The campaign for Scotland to remain within the UK has some catching up to do. So far, Alex Salmond, Scotland's First Minister and the leader of the Scottish National Party, has made all the running, having seized the initiative in the first place by announcing a referendum to take place in two years' time.
Yesterday's launch of the all-party, pro-union "Better Together" campaign, fronted by Alistair Darling, is to be welcomed, then. It is good, too, that the former Labour Chancellor is committed to accentuating the positives of the unionist cause. He started well by acknowledging that although Scotland can well survive on its own, the question is, rather, whether it is in the country's interests to do so.
While the desires of the Scottish people must, of course, be respected, this newspaper would strongly argue that the answer is no. In part, the issue is an economic one, and in this regard the SNP's assumptions about the bounty from Scotland's oil and gas deserve some scrutiny. Not only are North Sea hydrocarbons a finite resource, but even in the short term they leave the country unduly reliant on a commodity whose price is subject to sharp fluctuations.
There is also a careful judgement to be made as regards the 30,000 civil servants that the UK Government currently employs in Scotland; far more than the 17,000 retained by the Scottish Executive.
But that is not all. Scotland, through the UK, has a seat in the United Nations, is a major shareholder in the International Monetary Fund, and wields more influence in the EU than other European countries of comparable size. An independent Scotland could not have bailed out the Scottish banks as the UK Government did. Its cost of borrowing would also be higher, with a knock-on effect on interest rates and mortgages.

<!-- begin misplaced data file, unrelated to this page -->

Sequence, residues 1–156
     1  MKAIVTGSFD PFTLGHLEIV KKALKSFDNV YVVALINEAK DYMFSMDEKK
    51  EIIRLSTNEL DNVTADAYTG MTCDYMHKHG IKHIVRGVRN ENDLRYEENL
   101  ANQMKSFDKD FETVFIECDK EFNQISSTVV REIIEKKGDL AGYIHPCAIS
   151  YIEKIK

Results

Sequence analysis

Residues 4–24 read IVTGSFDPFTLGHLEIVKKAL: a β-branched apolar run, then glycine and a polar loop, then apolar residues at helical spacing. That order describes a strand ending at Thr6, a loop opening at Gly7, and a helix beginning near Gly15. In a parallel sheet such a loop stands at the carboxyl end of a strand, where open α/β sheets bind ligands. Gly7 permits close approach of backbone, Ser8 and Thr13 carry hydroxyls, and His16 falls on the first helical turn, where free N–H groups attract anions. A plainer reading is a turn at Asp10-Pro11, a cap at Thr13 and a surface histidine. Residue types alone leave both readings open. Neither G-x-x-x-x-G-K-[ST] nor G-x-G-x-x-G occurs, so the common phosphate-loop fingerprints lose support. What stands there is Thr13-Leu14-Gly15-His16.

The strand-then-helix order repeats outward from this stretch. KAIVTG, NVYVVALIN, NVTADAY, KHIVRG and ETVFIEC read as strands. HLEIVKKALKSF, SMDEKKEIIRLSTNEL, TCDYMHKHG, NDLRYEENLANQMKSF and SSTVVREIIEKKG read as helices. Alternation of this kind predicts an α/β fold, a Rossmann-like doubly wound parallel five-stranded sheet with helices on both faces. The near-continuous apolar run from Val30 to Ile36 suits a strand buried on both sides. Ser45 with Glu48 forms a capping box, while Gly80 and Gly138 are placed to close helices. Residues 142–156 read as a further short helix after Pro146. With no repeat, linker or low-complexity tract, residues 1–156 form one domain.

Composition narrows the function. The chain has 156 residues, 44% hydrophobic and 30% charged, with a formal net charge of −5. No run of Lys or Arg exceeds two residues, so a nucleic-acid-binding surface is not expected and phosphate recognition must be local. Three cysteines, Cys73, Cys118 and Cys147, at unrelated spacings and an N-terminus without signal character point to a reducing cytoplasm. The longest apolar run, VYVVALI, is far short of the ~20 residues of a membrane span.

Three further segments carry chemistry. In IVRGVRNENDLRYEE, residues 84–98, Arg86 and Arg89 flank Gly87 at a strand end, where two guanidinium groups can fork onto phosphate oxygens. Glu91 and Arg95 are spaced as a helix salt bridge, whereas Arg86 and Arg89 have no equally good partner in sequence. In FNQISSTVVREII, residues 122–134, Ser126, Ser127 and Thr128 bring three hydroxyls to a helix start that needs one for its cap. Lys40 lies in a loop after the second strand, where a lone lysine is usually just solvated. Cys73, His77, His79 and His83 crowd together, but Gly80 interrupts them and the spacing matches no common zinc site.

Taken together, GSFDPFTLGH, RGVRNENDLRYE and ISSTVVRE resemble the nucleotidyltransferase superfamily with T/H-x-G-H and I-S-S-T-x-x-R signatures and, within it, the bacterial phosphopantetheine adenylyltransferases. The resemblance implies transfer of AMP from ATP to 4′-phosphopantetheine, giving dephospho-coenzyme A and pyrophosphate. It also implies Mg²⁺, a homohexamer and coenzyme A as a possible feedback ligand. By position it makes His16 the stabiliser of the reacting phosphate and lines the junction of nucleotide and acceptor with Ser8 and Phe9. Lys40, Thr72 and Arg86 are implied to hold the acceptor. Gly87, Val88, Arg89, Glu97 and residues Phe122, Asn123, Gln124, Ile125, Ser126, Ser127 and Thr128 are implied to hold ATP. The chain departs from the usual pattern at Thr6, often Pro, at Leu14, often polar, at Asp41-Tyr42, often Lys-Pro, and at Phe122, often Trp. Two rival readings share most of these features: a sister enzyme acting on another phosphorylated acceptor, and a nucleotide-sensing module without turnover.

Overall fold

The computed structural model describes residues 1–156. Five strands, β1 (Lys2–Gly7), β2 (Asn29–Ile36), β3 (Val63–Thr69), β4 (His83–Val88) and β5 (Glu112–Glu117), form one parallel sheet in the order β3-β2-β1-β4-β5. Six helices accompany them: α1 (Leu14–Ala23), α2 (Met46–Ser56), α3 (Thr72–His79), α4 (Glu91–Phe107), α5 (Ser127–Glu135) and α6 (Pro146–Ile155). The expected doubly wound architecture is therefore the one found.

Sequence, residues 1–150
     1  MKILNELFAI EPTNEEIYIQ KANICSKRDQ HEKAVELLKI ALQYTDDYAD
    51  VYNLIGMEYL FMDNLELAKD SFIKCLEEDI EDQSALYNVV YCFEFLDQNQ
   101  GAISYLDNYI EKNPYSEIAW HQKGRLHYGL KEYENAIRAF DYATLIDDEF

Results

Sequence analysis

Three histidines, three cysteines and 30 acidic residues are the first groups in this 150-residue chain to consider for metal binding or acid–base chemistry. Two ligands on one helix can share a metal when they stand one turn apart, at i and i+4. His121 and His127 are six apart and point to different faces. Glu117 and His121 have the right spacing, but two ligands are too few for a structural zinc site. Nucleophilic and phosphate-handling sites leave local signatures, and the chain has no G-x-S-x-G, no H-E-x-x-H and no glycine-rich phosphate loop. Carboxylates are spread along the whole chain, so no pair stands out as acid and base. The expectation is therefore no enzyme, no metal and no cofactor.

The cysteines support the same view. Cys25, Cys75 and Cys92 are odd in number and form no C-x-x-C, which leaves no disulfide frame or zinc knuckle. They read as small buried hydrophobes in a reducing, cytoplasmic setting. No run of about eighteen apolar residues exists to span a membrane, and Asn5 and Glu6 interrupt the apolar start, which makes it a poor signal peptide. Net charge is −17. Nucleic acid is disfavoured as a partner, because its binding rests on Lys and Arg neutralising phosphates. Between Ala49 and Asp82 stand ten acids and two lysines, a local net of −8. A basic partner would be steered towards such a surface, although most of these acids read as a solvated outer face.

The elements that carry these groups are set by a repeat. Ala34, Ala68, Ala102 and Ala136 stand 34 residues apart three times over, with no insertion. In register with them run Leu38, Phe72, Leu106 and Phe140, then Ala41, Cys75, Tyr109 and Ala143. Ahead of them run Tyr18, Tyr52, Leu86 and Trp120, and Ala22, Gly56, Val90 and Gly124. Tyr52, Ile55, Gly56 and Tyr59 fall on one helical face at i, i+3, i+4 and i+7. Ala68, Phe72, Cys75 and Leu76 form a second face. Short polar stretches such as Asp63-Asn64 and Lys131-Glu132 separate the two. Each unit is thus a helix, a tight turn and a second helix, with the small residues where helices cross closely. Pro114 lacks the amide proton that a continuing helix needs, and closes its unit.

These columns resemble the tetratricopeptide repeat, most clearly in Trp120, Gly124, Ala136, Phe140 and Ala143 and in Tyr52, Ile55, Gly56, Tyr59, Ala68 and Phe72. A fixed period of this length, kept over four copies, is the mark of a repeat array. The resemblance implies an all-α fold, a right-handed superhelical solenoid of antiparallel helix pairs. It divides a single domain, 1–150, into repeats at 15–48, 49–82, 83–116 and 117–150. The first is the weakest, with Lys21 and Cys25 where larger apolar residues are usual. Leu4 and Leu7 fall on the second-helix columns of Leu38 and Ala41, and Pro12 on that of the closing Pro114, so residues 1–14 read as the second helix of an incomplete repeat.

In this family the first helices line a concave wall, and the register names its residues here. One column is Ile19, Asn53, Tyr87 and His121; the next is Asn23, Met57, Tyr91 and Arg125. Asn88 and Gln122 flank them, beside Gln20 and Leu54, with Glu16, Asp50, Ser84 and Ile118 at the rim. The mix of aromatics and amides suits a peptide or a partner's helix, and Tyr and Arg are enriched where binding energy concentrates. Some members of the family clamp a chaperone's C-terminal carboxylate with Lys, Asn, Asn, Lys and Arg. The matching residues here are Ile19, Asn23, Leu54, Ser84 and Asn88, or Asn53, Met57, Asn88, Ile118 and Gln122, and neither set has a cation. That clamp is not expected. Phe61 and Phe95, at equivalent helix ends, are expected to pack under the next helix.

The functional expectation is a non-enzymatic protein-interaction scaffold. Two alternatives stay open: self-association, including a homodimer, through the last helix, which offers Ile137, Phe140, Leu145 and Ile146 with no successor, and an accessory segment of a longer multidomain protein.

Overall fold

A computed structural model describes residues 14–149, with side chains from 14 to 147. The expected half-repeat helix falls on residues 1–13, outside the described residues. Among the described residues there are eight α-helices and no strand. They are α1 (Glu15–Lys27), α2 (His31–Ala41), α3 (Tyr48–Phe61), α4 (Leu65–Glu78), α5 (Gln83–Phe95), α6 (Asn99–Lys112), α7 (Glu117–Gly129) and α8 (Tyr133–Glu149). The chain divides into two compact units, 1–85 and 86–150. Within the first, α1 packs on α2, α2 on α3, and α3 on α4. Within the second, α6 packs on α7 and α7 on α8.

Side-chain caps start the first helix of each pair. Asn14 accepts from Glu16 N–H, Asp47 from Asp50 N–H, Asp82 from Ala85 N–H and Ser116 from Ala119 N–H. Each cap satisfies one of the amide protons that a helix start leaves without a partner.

Then there is the thorny issue of how the SNP's proposal to stick with sterling might be made to work, with the euro crisis exemplifying in such awful detail the dangers of an attempt at currency union without full political integration. And that is before the practicalities of unpicking everything from monetary policy, to immigration, to military co-operation, to reciprocal health and welfare provision, are considered. Let alone whether an independent Scotland would inherit all the UK's existing obligations, opt-outs and international treaties, or would need exemptions of its own.
Scottish nationalists cite the Arbroath Declaration of 1320 as a beacon of freedom – a reference underscored by Mr Salmond's timing the referendum to coincide with the 700th anniversary of Bannockburn. In response, Mr Darling insists that Scotland now has the best of both worlds, with a fair degree of autonomy, yet still girded by the security that comes from being part of a larger bloc: Scotland is stronger within the union just as the union is stronger with Scotland. How right he is. For all the tricky politics involved, it is a case that the Prime Minister must also help him make.
But the arguments in favour of retaining the union are not all focused on economic and political realities. The strongest of all are those of the emotions. After 300 years of shared history, the ties between the two countries run deep, for all the routine Scottish cheers in support of the England football team's opponents. Being Scottish, or indeed English, has never before been mutually exclusive with being British. It need not be so now.
Thus far, the debate has been largely restricted to either narrow nationalist tub-thumping or low-down political tactics such as the wording of the referendum. Mr Darling et al must raise the stakes if the union's cause is to stand a chance, with so formidable a political campaigner as Mr Salmond.